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Beauty of Disruption Eight Takeaways from BCG’s 2018 European Strategy Leadership Summit

Related Expertise:Strategy, Winning in Emerging Markets, Big Data & Advanced Analytics

The Beauty of Disruption

Eight Takeaways from BCG’s 2018 European Strategy Leadership Summit

June 29, 2018

About 100 senior Euro 500 executives from 13 countries convened in Geneva for BCG’s ninth European Strategy Leadership Summit. The theme—“The Beauty of Disruption”—challenged participants to see disruption as a friend, not a foe. Of the group gathered in Geneva, more than 95% reported that their businesses had been affected by disruption of one sort or another, and nearly 60% named new technologies and business models as the primary types of disruption they face. At the same time, many participants said they struggled to respond to disruption, with 60% describing their organization’s ability to adapt to it as average or worse.

The summit began on an inspiring note with a dinner at CERN’s Globe of Science and Innovation, where participants learned not only about CERN’s leading-edge physics research but also about NEOM, a special economic zone spanning 26,500 kilometers in Saudi Arabia, Jordan, and Egypt. Klaus Kleinfeld, NEOM’s CEO, shared details on this ambitious project to create a vibrant new economy and society.

A key perspective emerged from the summit: organizations that embrace disruption are more customer-centric, innovative, and agile—skills that position them for long-term success. Here are eight specific takeaways from the sessions:

  1. Playing your best game means getting ready for your next game. Given shortening business model life cycles, leaders need to do more than maximize current performance. According to Martin Reeves, the leader of the BCG Henderson Institute, sustained superior performance demands a simultaneous focus on exploitation and exploration. Without exploiting the current business, there’s no cash to invest in the future. But without exploring for future growth opportunities, there’s no clarity on the next game to invest in. Exploitation and exploration call for different skills and approaches, and Reeves argued that ambidexterity—being equally adroit at both—is an essential capability. He also described the critical role of organizational vitality to successful exploration and made the case for the importance of self-disruption.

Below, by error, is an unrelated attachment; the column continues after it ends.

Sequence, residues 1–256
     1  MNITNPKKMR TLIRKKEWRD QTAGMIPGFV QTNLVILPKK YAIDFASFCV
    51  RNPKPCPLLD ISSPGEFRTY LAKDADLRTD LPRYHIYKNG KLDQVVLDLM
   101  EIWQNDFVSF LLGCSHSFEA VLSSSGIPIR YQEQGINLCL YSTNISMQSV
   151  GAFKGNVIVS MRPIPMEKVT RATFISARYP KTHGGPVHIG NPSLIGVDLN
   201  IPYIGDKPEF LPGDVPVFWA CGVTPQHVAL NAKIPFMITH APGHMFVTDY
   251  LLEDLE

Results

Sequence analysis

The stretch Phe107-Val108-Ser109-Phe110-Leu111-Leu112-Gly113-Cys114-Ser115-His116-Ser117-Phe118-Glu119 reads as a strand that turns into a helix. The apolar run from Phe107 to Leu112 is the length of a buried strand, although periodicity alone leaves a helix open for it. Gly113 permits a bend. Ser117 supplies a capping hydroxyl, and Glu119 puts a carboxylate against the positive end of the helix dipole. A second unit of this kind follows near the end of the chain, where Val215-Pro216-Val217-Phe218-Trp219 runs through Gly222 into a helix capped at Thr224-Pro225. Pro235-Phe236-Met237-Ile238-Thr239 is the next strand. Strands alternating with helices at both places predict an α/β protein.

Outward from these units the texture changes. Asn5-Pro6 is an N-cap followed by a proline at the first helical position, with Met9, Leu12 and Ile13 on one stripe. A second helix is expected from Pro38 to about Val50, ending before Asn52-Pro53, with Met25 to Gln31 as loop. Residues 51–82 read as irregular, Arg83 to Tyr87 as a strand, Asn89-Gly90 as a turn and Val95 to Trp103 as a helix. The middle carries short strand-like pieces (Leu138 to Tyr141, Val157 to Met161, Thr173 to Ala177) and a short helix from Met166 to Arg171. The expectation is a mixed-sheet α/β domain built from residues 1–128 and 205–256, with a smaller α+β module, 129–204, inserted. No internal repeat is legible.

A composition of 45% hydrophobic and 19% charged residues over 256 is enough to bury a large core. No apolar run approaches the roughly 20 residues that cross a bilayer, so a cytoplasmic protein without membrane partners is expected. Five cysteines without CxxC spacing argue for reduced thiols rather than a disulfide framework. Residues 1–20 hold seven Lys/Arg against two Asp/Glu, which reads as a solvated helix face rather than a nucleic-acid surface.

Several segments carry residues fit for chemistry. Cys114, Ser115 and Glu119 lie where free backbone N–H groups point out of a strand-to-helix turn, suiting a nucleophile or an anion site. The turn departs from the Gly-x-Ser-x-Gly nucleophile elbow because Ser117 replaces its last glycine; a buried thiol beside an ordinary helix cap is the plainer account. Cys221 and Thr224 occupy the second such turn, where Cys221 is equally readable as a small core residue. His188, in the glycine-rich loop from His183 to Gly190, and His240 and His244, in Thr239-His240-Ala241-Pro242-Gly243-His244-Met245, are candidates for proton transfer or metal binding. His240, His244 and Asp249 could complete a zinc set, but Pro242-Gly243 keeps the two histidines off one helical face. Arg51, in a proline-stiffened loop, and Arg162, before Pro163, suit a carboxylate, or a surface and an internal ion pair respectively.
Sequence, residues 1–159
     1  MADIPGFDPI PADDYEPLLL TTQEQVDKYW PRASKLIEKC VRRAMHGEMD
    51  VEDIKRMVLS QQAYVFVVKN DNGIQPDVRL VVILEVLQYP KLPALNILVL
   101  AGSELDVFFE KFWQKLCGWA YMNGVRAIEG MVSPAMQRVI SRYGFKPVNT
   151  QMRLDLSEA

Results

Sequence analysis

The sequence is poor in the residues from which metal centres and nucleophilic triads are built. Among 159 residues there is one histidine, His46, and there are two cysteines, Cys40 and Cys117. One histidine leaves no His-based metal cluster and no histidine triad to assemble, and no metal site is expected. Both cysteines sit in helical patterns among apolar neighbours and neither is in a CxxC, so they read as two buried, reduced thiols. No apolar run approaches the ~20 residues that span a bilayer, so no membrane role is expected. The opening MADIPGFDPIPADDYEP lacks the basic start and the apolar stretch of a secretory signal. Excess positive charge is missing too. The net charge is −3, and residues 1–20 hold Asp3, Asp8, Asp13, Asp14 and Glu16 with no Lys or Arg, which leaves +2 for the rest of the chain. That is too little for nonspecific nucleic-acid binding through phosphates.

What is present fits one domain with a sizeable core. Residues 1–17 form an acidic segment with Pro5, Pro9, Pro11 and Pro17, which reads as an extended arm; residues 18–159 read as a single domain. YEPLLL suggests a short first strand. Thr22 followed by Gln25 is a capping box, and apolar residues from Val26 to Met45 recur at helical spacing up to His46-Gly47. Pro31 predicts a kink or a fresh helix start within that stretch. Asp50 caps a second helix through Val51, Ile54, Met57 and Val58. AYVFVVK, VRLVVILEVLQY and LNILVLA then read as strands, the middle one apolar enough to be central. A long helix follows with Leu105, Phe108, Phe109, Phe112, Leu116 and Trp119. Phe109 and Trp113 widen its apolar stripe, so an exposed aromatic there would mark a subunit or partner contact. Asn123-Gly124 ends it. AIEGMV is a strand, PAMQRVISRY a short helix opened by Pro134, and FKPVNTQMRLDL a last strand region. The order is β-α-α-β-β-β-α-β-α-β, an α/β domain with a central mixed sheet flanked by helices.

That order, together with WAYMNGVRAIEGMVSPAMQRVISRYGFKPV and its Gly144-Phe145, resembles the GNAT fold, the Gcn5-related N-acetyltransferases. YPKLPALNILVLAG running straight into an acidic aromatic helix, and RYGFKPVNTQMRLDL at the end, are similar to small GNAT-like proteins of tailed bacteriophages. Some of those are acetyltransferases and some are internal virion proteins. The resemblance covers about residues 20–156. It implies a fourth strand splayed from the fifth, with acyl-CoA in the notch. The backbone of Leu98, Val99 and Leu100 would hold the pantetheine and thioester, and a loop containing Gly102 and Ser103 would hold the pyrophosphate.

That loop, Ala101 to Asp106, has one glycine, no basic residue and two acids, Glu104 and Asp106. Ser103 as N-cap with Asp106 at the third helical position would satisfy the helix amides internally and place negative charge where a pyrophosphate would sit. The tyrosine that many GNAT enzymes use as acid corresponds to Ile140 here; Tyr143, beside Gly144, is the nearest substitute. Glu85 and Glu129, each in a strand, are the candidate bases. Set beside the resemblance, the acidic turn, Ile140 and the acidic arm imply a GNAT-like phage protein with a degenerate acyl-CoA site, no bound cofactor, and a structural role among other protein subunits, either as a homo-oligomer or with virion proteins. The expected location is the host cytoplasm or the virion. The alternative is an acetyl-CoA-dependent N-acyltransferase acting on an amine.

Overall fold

2. Innovation is essential, increasingly digital, and not always do-it-yourself. BCG’s Ramón Baeza and Florian Grassl argued that innovation is more important than ever in disruptive times. Yet many companies struggle in their innovation journeys. Only 21% of innovation executives in BCG’s latest innovation-survey considered their companies to be strong innovators—and these strong innovators are disproportionately adopting digital innovation techniques, such as big data and machine learning. External innovation—as a complement to do-it-yourself approaches—is an important trend. Participants heard from Robert Hardt, a partner at the Siemens-backed global venture firm next47, about how the company is both accelerating the success of key startups by connecting them to Siemens’s divisions and customers and, in the process, providing Siemens with privileged access to potentially valuable new technologies. At the welcome dinner, CERN’s Giovanni Anelli shared success stories of how the novel technologies developed for CERN’s physics experiments are also driving innovations in sectors as disparate as health care, Industry 4.0, and aerospace.